Bombing against pilgrims kills 23 in Iraq as hundreds protest

May 2, 2016

A car bomb targeting Shia pilgrims killed at least 23 people near Baghdad on Saturday, as hundreds protested in the capital for reforms and parliament made another attempt to reshuffle the cabinet.

Iraq has been hit by weeks of political turmoil surrounding Prime Minister Haider al-Abadi’s efforts to change the government.

Both Washington and the United Nations have warned the crisis could distract from the fight against the Islamic State in Iraq and the Levant (ISIL/Daesh) terrorist group, which carries out frequent bombings against civilians.

The car bomb, which also wounded at least 38 people, struck a road in the Nahrawan area used by Shia pilgrims who are walking to the shrine of Imam Musa Kadhim in northern Baghdad for annual commemorations, officials said.

ISIL claimed the attack and said it was carried out by a suicide bomber who detonated a vehicle laden with three tons of explosives.

ISIL considers Iraq’s majority Shia to be heretics.

ISIL overran large areas north and west of Baghdad in 2014, but Iraqi forces have since regained significant ground.

The ISIL terrorist still control a large part of western Iraq, and are able to carry out frequent attacks against both civilians and security forces in government-held areas.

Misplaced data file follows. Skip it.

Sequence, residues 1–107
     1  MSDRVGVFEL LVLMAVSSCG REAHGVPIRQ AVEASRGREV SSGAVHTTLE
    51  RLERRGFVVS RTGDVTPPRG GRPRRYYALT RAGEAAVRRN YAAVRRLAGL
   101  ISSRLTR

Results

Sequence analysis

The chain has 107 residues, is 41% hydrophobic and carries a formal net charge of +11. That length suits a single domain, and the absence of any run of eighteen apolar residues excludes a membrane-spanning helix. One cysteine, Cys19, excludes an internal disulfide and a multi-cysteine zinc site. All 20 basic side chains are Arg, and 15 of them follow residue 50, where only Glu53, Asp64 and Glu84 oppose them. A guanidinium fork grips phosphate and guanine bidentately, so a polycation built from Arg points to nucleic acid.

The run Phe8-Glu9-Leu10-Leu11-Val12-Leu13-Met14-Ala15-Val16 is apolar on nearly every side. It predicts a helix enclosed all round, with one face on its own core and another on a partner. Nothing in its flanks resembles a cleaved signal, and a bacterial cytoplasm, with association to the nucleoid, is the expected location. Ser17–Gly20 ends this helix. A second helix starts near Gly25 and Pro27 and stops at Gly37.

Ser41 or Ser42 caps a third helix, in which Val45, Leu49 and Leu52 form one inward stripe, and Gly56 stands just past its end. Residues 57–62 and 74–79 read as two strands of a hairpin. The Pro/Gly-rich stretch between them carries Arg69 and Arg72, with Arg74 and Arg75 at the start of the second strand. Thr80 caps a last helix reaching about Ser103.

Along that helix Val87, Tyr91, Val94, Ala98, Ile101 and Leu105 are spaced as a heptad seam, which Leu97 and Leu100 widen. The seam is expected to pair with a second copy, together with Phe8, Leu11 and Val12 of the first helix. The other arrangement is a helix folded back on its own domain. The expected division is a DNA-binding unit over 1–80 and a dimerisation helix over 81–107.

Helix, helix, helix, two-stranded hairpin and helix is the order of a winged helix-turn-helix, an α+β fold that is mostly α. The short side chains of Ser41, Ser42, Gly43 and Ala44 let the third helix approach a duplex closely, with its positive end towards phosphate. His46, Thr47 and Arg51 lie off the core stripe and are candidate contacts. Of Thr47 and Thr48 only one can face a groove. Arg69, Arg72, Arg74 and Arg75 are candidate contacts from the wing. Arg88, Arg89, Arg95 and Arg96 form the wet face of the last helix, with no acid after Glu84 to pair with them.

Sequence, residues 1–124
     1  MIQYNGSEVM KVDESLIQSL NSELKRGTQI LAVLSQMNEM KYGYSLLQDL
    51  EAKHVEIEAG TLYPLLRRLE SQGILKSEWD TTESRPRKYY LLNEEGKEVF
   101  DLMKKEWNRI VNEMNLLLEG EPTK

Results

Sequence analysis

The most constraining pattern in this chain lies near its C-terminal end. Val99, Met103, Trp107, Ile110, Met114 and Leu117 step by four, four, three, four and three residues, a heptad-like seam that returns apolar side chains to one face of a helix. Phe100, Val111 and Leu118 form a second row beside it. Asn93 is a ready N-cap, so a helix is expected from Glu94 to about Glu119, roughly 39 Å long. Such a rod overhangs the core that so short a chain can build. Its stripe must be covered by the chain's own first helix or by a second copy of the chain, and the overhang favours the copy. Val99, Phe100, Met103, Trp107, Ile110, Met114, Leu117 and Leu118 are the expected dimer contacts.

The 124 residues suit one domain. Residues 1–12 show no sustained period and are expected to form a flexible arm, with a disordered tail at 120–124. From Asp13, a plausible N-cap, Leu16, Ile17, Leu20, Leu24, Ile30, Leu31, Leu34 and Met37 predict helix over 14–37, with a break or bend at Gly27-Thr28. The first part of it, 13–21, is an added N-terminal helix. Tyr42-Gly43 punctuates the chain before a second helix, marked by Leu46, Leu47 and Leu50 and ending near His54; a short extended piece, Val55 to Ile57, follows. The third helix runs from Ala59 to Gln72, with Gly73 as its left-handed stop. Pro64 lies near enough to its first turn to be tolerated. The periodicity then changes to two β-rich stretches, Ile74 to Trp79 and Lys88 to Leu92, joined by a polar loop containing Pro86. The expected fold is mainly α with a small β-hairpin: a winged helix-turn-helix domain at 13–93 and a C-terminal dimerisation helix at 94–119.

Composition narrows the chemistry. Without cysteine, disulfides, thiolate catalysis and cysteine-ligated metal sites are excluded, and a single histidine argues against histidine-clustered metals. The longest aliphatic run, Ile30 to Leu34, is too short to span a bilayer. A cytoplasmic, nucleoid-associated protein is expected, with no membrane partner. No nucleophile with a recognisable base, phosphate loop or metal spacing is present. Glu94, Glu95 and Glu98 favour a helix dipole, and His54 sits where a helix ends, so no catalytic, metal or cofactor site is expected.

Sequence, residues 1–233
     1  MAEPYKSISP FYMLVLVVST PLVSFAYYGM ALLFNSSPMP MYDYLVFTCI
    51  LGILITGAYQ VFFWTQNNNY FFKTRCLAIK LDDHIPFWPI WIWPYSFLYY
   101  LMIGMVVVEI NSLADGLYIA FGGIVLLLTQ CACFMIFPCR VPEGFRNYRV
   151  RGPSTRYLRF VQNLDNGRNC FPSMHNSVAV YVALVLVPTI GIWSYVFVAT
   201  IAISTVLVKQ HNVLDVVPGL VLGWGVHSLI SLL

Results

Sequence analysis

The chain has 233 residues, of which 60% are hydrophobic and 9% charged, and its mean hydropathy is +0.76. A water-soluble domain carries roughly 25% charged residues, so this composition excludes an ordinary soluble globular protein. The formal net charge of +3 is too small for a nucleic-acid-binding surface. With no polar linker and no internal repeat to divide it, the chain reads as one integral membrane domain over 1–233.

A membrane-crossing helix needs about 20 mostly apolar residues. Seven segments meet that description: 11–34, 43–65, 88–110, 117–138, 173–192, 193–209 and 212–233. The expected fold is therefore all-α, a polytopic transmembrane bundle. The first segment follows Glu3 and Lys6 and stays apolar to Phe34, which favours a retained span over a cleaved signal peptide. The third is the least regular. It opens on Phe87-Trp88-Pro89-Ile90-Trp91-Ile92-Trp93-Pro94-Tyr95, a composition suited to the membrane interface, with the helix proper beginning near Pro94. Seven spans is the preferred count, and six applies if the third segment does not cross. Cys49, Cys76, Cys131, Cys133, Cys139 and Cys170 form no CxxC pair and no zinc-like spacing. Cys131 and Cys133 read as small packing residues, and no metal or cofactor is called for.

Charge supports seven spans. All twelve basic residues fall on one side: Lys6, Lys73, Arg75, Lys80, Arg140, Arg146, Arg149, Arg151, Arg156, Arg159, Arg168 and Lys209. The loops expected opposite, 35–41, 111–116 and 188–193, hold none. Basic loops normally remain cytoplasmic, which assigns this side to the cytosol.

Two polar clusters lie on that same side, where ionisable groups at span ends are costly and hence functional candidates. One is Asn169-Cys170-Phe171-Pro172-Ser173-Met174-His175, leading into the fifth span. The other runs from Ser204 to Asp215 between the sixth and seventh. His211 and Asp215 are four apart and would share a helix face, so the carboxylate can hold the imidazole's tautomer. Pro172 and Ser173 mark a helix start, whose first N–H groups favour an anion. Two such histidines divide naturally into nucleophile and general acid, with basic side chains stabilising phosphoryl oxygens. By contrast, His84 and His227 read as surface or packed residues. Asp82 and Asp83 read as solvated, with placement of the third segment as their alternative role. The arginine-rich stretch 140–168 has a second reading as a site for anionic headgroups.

Last year’s pilgrimage was also marred by attacks against worshippers that killed at least 13 people.

The Saturday bombing came as hundreds of people turned out in Baghdad for a demonstration aimed at pressuring the government to carry out reforms, the latest in a series of such protests in the capital.

Demonstrators gathered at Baghdad’s Tahrir Square and near the heavily-fortified Green Zone, where the government is headquartered.

Abadi has called for the current government of party-affiliated ministers to be replaced with technocrats, a move opposed by powerful political parties that rely on control of ministries for patronage and funds.

Key government posts have for years been shared out based on political and sectarian quotas, a practice demonstrators want to end.

Parliament has repeatedly been hit by chaos related to efforts to change the cabinet in recent weeks, with MPs holding an overnight sit-in at parliament, brawling in the chamber and seeking to sack speaker Salim al-Juburi before electing an interim replacement who has chaired his own rival sessions.

Lawmakers approved some of Abadi’s nominees for the new cabinet on Tuesday, but MPs who opposed Juburi and sought to disrupt the session were barred from attending, raising questions about its legality.

Iraqi MPs were due to meet Saturday for a vote on additional candidates, but failed to reach a quorum for a morning session, leading Juburi to call for another in the afternoon.
(Source: AFP)

 

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